wfedstaff | June 4, 2015 2:50 pm
The federal IT reform effort is celebrating its one-year anniversary and the Office of Management and Budget highlighted it by releasing of the much-anticipated cloud security framework.
Federal chief information officer Steven VanRoekel issued a policy memo detailing how the Federal Risk and Authorization Management Program (FedRAMP) will work, a series of deadlines for operational documents and a six-month deadline to get the program’s initial operating capability in place.
“FedRAMP creates a governmentwide process for the secure use of cloud computing that reflects consensus among all these key agencies and stakeholders, and has been very extensively vetted through councils, academia and industry,” VanRoekel said during a conference call with reporters. “This is a first step. We will continue to get feedback, continue to evolve and take the FedRAMP process forward.”
Along with FedRAMP, OMB detailed more than $4 billion in savings or cost avoidance from TechStat sessions and announced a draft Shared Services strategy for commodity IT services.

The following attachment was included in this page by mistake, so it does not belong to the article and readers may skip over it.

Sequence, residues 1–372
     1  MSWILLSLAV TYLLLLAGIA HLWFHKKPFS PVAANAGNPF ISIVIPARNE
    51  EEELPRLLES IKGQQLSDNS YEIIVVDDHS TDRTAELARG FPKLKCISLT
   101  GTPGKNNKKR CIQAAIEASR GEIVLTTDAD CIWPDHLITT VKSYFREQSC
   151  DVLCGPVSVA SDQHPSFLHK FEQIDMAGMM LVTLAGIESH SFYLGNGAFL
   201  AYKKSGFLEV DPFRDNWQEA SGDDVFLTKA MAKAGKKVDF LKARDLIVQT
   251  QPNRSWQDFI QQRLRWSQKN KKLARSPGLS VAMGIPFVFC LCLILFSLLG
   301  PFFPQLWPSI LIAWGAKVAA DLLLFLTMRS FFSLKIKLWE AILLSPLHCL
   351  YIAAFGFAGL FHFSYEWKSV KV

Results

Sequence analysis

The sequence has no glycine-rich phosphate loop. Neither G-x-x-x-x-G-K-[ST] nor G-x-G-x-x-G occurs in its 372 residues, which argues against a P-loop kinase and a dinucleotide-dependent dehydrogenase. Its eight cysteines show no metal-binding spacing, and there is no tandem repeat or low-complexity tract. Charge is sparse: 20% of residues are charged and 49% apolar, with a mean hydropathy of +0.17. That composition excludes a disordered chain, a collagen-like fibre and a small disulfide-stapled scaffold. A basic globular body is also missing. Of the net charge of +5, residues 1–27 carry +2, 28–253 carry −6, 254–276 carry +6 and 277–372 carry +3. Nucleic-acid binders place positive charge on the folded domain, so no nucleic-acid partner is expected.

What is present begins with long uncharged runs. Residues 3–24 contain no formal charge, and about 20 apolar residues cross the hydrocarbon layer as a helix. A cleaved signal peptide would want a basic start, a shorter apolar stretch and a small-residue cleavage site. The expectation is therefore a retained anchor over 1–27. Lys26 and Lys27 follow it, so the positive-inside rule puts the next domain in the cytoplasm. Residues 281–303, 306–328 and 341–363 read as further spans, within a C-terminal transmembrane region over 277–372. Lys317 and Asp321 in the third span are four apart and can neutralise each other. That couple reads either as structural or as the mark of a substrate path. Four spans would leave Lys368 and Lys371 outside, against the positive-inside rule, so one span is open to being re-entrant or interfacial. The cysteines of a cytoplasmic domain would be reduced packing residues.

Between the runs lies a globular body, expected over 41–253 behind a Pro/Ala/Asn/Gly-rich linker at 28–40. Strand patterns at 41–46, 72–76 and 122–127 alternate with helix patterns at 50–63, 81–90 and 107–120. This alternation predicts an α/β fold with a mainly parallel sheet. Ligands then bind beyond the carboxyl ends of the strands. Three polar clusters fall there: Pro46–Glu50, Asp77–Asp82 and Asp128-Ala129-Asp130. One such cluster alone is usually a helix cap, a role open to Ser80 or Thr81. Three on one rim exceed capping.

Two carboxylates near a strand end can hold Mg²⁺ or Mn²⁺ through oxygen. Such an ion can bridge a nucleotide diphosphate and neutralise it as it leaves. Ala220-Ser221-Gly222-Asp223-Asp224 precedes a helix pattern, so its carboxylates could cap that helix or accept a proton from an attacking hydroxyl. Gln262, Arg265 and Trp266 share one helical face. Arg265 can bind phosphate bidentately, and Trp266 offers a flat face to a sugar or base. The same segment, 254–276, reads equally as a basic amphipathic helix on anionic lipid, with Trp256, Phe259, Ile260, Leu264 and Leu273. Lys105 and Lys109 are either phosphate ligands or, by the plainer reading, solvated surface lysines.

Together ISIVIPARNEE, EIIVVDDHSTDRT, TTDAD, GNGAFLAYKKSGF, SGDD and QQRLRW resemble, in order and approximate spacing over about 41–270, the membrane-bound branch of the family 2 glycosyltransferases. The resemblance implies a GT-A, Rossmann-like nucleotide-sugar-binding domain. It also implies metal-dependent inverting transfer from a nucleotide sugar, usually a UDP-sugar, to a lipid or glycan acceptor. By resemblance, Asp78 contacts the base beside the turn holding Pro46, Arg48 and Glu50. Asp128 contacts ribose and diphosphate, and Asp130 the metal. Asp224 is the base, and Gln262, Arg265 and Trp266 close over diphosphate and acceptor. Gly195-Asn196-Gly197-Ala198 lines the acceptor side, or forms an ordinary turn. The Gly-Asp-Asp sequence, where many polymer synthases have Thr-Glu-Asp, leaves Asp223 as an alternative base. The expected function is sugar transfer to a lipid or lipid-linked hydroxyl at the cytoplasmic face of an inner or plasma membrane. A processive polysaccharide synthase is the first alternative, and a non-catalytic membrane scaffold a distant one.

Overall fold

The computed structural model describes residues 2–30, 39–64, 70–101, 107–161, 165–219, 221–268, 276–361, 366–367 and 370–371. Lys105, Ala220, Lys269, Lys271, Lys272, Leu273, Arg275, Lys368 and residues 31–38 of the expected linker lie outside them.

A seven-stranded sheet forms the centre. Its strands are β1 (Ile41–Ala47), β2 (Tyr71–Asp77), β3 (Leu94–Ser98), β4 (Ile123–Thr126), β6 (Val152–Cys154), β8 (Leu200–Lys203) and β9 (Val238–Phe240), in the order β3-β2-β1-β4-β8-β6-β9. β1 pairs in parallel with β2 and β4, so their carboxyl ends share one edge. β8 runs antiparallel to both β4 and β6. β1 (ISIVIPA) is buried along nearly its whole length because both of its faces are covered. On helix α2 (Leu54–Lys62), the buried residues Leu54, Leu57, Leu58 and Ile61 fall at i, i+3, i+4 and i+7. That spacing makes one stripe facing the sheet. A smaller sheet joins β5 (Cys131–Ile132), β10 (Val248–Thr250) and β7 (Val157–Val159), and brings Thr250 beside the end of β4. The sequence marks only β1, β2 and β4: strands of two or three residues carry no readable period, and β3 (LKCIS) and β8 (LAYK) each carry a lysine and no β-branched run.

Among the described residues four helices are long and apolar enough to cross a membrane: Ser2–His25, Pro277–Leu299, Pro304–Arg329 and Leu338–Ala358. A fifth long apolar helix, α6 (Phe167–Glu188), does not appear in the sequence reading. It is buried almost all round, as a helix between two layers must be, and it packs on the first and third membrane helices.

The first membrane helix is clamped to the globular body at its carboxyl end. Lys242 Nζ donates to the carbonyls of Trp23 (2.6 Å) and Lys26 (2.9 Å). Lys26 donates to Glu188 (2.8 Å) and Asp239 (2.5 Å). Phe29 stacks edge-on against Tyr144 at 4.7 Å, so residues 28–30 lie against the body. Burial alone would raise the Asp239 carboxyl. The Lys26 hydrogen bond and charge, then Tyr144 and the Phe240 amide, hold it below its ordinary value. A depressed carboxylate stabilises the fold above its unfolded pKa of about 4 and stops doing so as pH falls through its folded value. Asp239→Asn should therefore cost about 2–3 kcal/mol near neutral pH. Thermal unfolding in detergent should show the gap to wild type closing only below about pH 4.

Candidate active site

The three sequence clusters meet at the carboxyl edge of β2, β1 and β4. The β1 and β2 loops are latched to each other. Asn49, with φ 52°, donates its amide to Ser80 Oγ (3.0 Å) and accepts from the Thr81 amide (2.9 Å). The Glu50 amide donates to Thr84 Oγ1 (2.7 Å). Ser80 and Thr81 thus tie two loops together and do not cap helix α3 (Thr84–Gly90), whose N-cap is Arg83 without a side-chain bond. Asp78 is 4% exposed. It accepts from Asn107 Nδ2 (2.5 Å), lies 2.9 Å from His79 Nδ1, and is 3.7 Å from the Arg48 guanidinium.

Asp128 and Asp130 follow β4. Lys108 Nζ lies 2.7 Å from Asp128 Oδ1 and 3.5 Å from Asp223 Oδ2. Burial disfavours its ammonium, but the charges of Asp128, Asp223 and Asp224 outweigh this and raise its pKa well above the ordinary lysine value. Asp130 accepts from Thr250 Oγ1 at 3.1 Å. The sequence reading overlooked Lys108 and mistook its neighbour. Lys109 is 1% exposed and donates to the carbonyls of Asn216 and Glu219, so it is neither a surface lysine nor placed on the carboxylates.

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“As we come to the end of a year on IT reform we’ve accomplished an incredible amount,” VanRoekel said. “The next step for us is to really scale these efforts for maximum impact. FedRAMP is a good example of that where we are taking good things that are happening in certain areas and being really smart about scaling that across the government. You will see more in that area as we take each of the 25 point plan elements and take the best of the best and scale them in policy and practice across the government.”
Do once, use many approach
VanRoekel said FedRAMP will promote the “do once, use many” approach.
Under the program, the departments of Defense and Homeland Security and the General Services Administration will run the FedRAMP Joint Authorization Board (JAB) to oversee and run the process, including approving third party assessment organizations, establishing a priority queue for cloud services reviews and issuing a provisional authority to operate to vendors.
“When an agency uses cloud services, they will leverage the FedRAMP cloud authorization,” said Richard Spires, DHS CIO and vice chairman of the CIO Council. “They still have to do full authority to operate (ATO), but we think they can leverage up to 90 percent in what we do in granting the provisional authorization.”